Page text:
It’s so easy. All you have to do is flick a handle or push a button and a few seconds later the toilet empties and carries everything away – out of sight, out of mind.
Until our basement floods with sewage backup.
Or we get our utility bill and notice that water rates have skyrocketed. Or we no longer have easy access to clean drinking water. Because just like tossing out the trash, there really is no ‘away’ when it comes to what we flush. And it turns out, we are flushing all wrong.
Can You Flush Tampons? Plus Other Questions About Our Flushing Habits
I spoke with the folks from the I Don’t Flush Campaign to get the low-down on why it matters what we flush – not just to the environment, but to us directly as well.
Why should we care about what we flush?
Using our toilets and wastewater infrastructure properly minimizes potential pollution to our lakes and rivers, and the harm it causes to wildlife and water-living creatures who depend on clean water to survive.
As well, Canadians are shelling out $250 million a year to clean our waters and remove everyday items that people are flushing.
This exorbitant expense could be easily avoided if people took into account the damage that flushing items like wet wipes, cotton swabs, feminine hygiene products, condoms, pharmaceuticals, and so on, has on our treatment facilities and lakes and rivers.
Aren't there treatment systems in place to make sure that sewage is safe?
Yes, our treatment systems do an excellent job of dealing with organic waste and ensuring the water they treat meets the strictest environmental regulations.
Yet when we flush items we shouldn’t, this puts a strain on the equipment and makes it harder for our wastewater systems to do their job. This can result in backups in our homes, clogs in sewers and occasionally cause overflows into our lakes and rivers.
What happens when we flush items like wet wipes, dental floss, tampon applicators, Q-tips, etc. that might surprise people?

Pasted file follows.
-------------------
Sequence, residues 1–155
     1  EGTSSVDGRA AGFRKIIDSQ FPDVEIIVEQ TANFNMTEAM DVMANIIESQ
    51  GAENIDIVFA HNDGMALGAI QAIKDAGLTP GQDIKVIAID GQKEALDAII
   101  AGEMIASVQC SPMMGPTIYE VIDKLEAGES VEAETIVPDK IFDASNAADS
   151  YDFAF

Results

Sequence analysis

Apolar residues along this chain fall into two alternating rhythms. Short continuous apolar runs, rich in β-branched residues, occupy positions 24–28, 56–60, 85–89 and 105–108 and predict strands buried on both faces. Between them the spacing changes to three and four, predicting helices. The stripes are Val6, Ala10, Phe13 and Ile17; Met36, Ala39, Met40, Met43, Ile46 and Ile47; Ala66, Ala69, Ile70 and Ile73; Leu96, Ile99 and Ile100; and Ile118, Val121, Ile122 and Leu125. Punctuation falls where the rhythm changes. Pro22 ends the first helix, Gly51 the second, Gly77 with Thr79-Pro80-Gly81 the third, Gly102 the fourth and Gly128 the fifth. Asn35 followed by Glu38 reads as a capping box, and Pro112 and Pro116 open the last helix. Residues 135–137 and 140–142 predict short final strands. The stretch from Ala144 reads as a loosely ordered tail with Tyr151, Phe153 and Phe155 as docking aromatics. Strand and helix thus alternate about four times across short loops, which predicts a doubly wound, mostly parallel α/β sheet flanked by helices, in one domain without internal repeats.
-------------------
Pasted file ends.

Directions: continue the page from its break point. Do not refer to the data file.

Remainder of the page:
One thing people may not know is that these items don’t break down and can cause clogs in pipes and pumps that are costly to repair, and occasionally lead to backups in our home and overflow to our lakes and rivers.
Wet wipes are particularly damaging due to their increase in popularity.
What about items labeled “flushable”? Why can that label be used if the items shouldn't be flushed?
Right now there is no industry standard for what constitutes flushable, but just because an item CAN be flushed, doesn’t mean it should be. Our toilets shouldn’t be treated as garbage cans.
Our wastewater systems were designed to treat number one, number two and toilet paper. End of list.
Why shouldn't I flush things like pharmaceuticals and liquid waste? Doesn't it just get diluted in all the water downstream?
The only things that should ever be flushed are number one, number two and toilet paper. Flushing tampons isn't on the short list.
Every time we flush items that are not meant to go through our system, we run the risk of them polluting our lakes and rivers – we are always downstream of someone else.
Pharmaceuticals should always be brought back to the pharmacy where they can be disposed of properly. If we all do our part in helping dispose of things where they belong, we’ll be helping contribute to a cleaner environment.
Research shows that household toilet use has an impact on our environment and wastewater systems. The I Don’t Flush campaign was created to raise awareness and influence positive everyday actions that help to keep our lakes and rivers clean and healthy.
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